Kate Lane’s feature debut Fear of Water is a meeting of two distinct social classes via the relationship of the naïve and sheltered Eleanor (Chloe Partridge) and the bolder, working class Alexia (Lily Loveless). Within the serene environment of their lakeside meeting place, the two leads grow ever closer over the course of one summer while dealing with their own dramas in their respective families.
Speaking to FilmDoo, director Kate Lane tells us how this new work came to be.
You’ve said that the story was inspired by events in your own life. What was it like collaborating with writer Edward Davenport to put this personal experience into a script?
It was a hugely rewarding and creative experience. We would meet once a week ongoing for a year and I would talk to him about my life, specifically the relationship I had which the film was based on. It felt like a very intimate journey that evolved very organically by being really open and honest. Eddy has a natural passion and talent for writing female characters which is rare and the reason why I wanted to work with him on this. He would go away and write up some dialogue and then we would meet exchanging ideas back and forth. At that time there was no time pressure or financial pressure so it was immensely enjoyable seeing the story evolve week to week and I think I benefited from having an objective perspective as well as my own first-hand experience.
Is there any specific message or idea about class relations you were hoping to convey with this film?
We wanted to have that underlying tension of class difference and the clashes that occur but wanted to ultimately say that, in the end, people want the same thing and all these judgments on where a person has come from don’t define who we are and where we end up. Both girls had completely different conflicts in their life but suffered from the same emotion of loneliness and the feeling that they didn’t fit in. The class difference is there but not the forefront.
What was it like working with Chloe Partridge and Lily Loveless? Did a lot of preparation go into the onscreen chemistry that we see between them or was it something largely organic?
Unfortunately we didn’t have the luxury of rehearsal time so to start with, we held a screen test with Lily and had three different actors meet her and spend an hour or so each. I created some improv games and by the end of the day it became very clear which two girls had the best chemistry and potential going forwards. When we went into production I had Lily and Chloe both stay at my home so they could spend as much time together as possible. This helped hugely and I definitely feel as the shoot went on their performances improved the more everyone bonded and the more trust that was established. Luckily they both got on really well! I’ve always been an actor’s director so working with them, getting to know them as people and trying to draw out their best was a fantastic experience.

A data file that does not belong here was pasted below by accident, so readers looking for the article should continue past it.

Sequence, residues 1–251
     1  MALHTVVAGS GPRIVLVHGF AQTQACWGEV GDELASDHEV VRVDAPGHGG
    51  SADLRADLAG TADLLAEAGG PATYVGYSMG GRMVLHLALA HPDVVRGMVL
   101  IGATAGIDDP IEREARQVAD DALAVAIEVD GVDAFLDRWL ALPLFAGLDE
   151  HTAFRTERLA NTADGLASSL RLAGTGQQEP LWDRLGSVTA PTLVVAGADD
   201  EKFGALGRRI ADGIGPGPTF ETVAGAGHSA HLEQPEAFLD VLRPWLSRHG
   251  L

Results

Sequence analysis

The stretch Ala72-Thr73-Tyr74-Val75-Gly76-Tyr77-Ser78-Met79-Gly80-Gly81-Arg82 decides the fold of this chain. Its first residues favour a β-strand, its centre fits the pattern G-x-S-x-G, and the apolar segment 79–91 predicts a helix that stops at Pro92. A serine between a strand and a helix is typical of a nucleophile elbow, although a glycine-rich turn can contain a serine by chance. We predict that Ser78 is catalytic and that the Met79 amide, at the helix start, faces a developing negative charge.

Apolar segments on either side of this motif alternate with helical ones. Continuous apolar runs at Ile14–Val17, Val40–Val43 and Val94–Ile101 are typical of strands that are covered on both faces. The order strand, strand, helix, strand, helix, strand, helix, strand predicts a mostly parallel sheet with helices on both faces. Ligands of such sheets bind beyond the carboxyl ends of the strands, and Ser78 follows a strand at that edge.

Are there any filmmakers or artists that you can single out as creative influences for your work?
I started making short films when I was 14 and this was largely down to Robert Rodriquez and his book Rebel Without a Crew. He really inspired me to learn how to self-shoot at an early age and just to get out there and start doing it. In terms of style, I grew up loving Christopher Nolan films as I loved his use of non-linear narrative and neo noir style. Right now I’m following a lot of what Ava DuVernay does and Andrea Arnold as their work is so character-driven and intimate, which is the type of films I want to make. There are a lot of varied painters and photographers I like too which are becoming more influential for my next projects in terms of communicating the style and tone to support the story.
The film was made through your own production company, KL Dream Pictures. Do you consider it important to your work that your filmmaking remains truly independent?
Yes, definitely. Through Fear of Water I’ve been able to really learn how the business side works, especially sales and distribution, and this has definitely cemented my view of staying independent. I would prefer to make films for less money with more restrictions in place as it forces you to be much more creative and to really take risks and keep it as art-making. For me, the story is priority and money can’t buy a good story. I also love the idea of making films and then delivering them direct to my audience. It’s great to know who’s seeing the film and have that personal relationship with them.
Are you involved in anything new at the moment?
I’m working with Eddy – the same writer who did Fear of Water – on our next feature. So far we have the script in a good place, still rewriting as that never truly stops! But we’re beginning to approach potential actors now. This one is again very female driven but is a psychological drama so it’s a lot darker and one that I really want to push the boundaries with through the characters and how we tell the story visually.